You ever think you've seen a ghost
While walking on the sandy coast?

While not a ghost, my color's pale
I have a shell, but not like snail

I've eight fast legs to move around
But spend much time below the ground

For in the sand I dig a hole
I won't come out, though you cajole

But in the darkness of the night
When the conditions are just right

I'll leave the safety of my lair
And hunt for something to ensnare

By heading down to the dark sea
To search for food.  No guarantee

I won't become someone's quick meal
And if I do, there's no appeal

Perhaps you think I'm large spider
Think again, think hard and wider

Now this last clue should give you pause
I'm armed with two strong pinching claws

Think hard,
enough clues
and I think
you have more
than a ghost of
a chance with
this one.
for the

Should you say that I'm a ghost crab
Then the answer you sure did grab!

One sees these crabs often during the day, usually very close to the borrows.  But come out at night, and you will see them all over the place, heading down to the water to hunt, and I suppose, to breed.  I once saw a big one with a much smaller one in its claws.  Life is not easy or gentle for these animals.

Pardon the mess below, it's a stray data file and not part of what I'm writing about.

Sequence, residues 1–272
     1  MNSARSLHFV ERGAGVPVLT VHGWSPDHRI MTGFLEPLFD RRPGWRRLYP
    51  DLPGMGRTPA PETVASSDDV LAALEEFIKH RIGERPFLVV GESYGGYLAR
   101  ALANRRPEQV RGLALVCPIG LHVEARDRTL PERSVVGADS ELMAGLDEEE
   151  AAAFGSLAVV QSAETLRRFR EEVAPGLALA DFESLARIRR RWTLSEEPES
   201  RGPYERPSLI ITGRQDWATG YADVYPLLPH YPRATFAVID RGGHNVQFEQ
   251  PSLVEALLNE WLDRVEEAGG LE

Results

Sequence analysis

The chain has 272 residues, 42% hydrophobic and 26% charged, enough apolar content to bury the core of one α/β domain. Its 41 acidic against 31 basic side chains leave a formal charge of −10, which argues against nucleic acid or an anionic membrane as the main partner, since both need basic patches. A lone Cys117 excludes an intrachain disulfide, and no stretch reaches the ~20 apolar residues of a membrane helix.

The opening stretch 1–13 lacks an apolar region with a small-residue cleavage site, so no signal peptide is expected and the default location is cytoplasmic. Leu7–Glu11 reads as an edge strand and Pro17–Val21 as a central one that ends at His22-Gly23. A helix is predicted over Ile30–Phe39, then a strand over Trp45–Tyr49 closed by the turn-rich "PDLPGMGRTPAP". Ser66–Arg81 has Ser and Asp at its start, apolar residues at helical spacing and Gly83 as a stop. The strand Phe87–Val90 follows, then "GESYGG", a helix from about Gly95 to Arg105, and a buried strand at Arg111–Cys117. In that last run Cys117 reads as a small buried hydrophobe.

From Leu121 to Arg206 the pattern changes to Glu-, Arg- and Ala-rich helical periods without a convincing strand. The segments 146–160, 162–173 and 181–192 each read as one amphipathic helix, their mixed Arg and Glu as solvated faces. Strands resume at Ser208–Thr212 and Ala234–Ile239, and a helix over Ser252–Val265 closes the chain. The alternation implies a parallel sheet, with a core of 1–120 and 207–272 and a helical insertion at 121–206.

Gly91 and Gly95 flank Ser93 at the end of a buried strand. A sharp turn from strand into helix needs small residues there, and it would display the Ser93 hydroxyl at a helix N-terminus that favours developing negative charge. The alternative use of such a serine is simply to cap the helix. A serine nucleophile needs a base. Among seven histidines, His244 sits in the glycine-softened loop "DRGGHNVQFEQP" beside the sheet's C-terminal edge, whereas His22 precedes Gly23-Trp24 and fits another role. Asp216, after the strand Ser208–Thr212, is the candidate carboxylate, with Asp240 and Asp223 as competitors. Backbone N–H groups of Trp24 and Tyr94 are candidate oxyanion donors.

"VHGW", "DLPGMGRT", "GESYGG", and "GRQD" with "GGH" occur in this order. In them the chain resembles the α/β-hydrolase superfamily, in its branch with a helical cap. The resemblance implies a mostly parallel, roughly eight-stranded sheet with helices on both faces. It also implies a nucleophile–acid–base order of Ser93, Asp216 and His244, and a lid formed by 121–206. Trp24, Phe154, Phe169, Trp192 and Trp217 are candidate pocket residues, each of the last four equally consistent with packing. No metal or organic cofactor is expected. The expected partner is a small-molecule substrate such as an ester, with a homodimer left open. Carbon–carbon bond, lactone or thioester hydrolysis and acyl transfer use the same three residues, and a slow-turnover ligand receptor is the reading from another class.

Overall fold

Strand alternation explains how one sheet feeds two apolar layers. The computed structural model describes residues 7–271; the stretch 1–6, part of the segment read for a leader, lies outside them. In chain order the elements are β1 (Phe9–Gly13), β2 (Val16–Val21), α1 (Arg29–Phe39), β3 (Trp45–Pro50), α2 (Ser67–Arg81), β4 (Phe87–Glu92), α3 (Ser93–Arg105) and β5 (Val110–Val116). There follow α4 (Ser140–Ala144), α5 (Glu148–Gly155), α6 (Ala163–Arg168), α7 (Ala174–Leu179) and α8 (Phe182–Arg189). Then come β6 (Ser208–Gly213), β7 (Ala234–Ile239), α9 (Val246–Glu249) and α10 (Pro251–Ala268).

What Am I?

It's been four weeks since I was backpacking on Shackleford Banks, and it is past time to document some of the other wildlife that I saw on the two days I was on the island.  I plan on three or four of these posts to wrap up my Shackleford Banks experience.  Here is the first one.  See if you can figure it out.  I saw about 5-6 of these dead on the beach.  I saw a live one once in Bermuda.  It an animal you want to stay away from, despite its beauty.

Beyond the waves I gently float
Perhaps I look like tiny boat

My body's purple with some pink
I look so lovely, you may think

But you should take another look
By cover, do not judge this book!

There's more to me than purplish float
And if you're wise, you will take note

Don't get too close, for here's the thing:
I will inflict a deadly sting!

Far below the water's surface
Are tentacles with deadly purpose

I hope that
this gives you
enough clues.

for the

Here, then, I am, washed up on shore:
Deadly Portuguese man 'o war!

Here are two of the specimens that I found.  The colors are beautiful, but even lying on the beach, their long tentacles can pack a deadly sting.

If I recall correctly, this species is not a single animal, but more like a colony of animals.  Finding so many of these washed up would make me very alert upon swimming in this area!